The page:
Hong Kong’s already hard-hit retailers to feel Brexit bruises
Tourist numbers to fall, outbound travel to grow as dollar strengthens and yuan weakens, meaning less spending here.
Hong Kong’s already struggling retail sector may be hit further as a result of Britain’s vote to leave the EU, according to analysts.
Experts now say they expect tourist numbers to decline and outbound travel to grow on the back of a stronger US dollar and weaker Chinese yuan, meaning less spending here.
Hong Kong retail sales have hit a wall since tourist numbers from the mainland started declining sharply a year ago.
But analysts say the worst may not be over, after the shock decision by Britain triggered global risk aversion, and will continue to push higher the value of US dollar.
“The retail downturn is going to continue,” Morgan Stanley said in its latest snapshot of global reaction to the Brexit, noting Hong Kong’s outbound travel is already growing due to the stronger local currency, which is pegged to the US dollar.
Chinese tourists are also likely to travel elsewhere or spend less in Hong Kong, as the yuan weakens, it said.
On Monday, a Hong Kong government report showed retail sales slumped 12.5 per cent year-on-year in the first quarter to HK$115.2 billion, from HK$131.6 billion in the same period last year.
The total number of retail establishments also dropped sharply to 64,498, fewer by 1,400 from the first quarter last year. And there have been 10,000 retail sector job losses in the past year, with the number of employees also down to 320,400 by the end of first quarter.
Sa Sa, Hong Kong’s largest cosmetics retailer, reported last week it had suffered a 54 per cent decline in profits in the past 12 months to approximately HK$384 million, way less that market expectations.
Its annual sales also declined 13 per cent to HK$7.85 billion, as mainland tourist numbers dropped rapidly on the back of a stronger Hong Kong dollar and weaker Chinese yuan.
“The worst may not be over (for the company’s performance),” warned Sa Sa’s chairman Simon Kwok after the earnings release.
HSBC analysts have just given a ‘reduce’ rating to Sa Sa shares and slashed the firm’s earnings estimates for the next fiscal year by about a fifth.
In its latest note, the Morgan Stanley analysts say demand, too, for commercial property is likely to be impacted by weaker Hong Kong economic growth and the sluggish labour market.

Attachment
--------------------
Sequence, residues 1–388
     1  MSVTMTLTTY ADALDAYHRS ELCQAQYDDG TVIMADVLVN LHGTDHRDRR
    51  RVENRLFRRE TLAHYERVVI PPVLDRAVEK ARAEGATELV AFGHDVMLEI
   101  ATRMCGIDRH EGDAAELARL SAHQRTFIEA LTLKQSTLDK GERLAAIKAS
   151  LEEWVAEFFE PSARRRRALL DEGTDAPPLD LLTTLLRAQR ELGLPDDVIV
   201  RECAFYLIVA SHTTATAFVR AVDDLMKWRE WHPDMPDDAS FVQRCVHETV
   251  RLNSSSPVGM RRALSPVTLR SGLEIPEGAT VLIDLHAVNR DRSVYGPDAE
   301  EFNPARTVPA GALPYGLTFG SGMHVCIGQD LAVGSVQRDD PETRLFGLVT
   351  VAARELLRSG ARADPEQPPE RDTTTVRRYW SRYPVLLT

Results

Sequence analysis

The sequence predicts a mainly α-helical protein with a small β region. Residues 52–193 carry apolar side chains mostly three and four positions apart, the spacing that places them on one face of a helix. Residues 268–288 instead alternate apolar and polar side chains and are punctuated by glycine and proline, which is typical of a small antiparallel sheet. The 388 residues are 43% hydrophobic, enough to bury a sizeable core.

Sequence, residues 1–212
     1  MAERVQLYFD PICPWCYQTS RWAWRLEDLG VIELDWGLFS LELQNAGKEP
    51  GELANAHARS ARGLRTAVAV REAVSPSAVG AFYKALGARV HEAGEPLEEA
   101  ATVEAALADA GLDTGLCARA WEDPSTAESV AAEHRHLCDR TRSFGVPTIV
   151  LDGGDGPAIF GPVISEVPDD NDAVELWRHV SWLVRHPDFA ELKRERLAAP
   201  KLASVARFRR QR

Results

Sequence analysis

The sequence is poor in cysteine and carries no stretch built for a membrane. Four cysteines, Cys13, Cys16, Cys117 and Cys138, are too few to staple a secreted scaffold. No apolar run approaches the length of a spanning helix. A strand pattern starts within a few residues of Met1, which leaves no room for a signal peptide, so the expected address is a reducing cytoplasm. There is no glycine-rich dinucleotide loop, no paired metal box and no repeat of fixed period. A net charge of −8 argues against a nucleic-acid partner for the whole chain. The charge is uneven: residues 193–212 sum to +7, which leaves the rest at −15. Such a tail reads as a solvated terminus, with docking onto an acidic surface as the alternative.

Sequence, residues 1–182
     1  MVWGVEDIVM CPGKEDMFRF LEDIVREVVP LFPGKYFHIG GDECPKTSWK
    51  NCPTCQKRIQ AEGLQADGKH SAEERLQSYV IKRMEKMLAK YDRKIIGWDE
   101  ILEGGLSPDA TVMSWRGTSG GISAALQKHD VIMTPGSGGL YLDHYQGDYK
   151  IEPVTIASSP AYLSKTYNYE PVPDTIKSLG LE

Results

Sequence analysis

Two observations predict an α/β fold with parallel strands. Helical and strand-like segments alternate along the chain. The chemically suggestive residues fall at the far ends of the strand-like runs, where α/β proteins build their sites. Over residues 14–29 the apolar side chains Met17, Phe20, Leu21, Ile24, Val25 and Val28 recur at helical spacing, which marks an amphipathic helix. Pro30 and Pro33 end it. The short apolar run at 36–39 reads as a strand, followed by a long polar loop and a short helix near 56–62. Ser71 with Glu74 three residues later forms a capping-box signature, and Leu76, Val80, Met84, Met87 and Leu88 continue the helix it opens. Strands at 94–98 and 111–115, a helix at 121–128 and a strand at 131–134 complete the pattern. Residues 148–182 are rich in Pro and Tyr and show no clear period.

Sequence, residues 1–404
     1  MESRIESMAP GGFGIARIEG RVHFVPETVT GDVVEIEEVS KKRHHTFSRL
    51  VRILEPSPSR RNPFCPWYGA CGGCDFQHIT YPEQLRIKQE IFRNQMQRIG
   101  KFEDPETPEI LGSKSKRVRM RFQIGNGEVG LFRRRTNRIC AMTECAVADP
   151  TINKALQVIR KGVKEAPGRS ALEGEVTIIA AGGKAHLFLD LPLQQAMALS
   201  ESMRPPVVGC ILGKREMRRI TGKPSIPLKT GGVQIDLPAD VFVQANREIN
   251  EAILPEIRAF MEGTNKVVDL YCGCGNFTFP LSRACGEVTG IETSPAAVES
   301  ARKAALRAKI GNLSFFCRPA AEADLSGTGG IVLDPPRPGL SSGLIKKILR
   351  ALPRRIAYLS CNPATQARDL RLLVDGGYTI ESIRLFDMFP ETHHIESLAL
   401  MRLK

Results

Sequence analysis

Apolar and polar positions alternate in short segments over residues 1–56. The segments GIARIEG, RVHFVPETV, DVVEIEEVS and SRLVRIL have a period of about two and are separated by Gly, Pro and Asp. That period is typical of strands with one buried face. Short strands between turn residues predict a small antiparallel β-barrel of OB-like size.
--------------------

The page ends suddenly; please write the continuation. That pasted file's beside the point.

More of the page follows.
“Discretionary retail mall operators like Wharf and Hysan could continue to suffer,” they added.
That sentiment is echoed by analysts at Nomura, Japan’s leading investment bank, who say Hong Kong’s economy could be hit the hardest in Asia by the Brexit, given its status as a financial hub and its currency peg.
Nomura recently slashed its growth forecast for Hong Kong this year to minus 0.2 per cent, from a previous 0.8 per cent — the biggest percentage-point cut in among all Asian economies excluding Japan.
“We now forecast an outright recession in Hong Kong this year, and there is a risk that large net capital outflows, through the workings of the currency board system, will cause Hong Kong interbank rates to spike, deepening the recession and setting off a vicious spiral,” they said.
The Hong Kong dollar, meanwhile, which is pegged to the greenback, is expected to appreciate significantly after the Brexit.
“A stronger HK dollar is likely to have a negative impact on Hong Kong’s tourism and retail sales, especially if it means a weaker RMB,” Nomura analysts said.
Investor confidence may be shaken further, they added, amid uncertainty over global financial markets, with financial transaction volumes expected to fall significantly which they called another major negative for the city’s financial sector.
“We are particularly concerned about an-already fragile Hong Kong property market,” they added.
The only bright spots in the overall retail market gloom, however, were recommendations from Bank of America Merrill Lynch and China International Capital Corp to invest in Hong Kong jewellery makers, which they said should benefit from the rising price of gold, amid global risk aversion fuelled by the Brexit.
Both maintained ‘buy’ ratings recently for Luk Fook Holdings, a Hong Kong gold-jewellery retailer.
“Luk Fook would be the biggest beneficiary from the recent upward trend in the gold price due to its smallest hedging ratio of 15 per cent to 20 per cent,” BoA Merrill Lynch analysts said.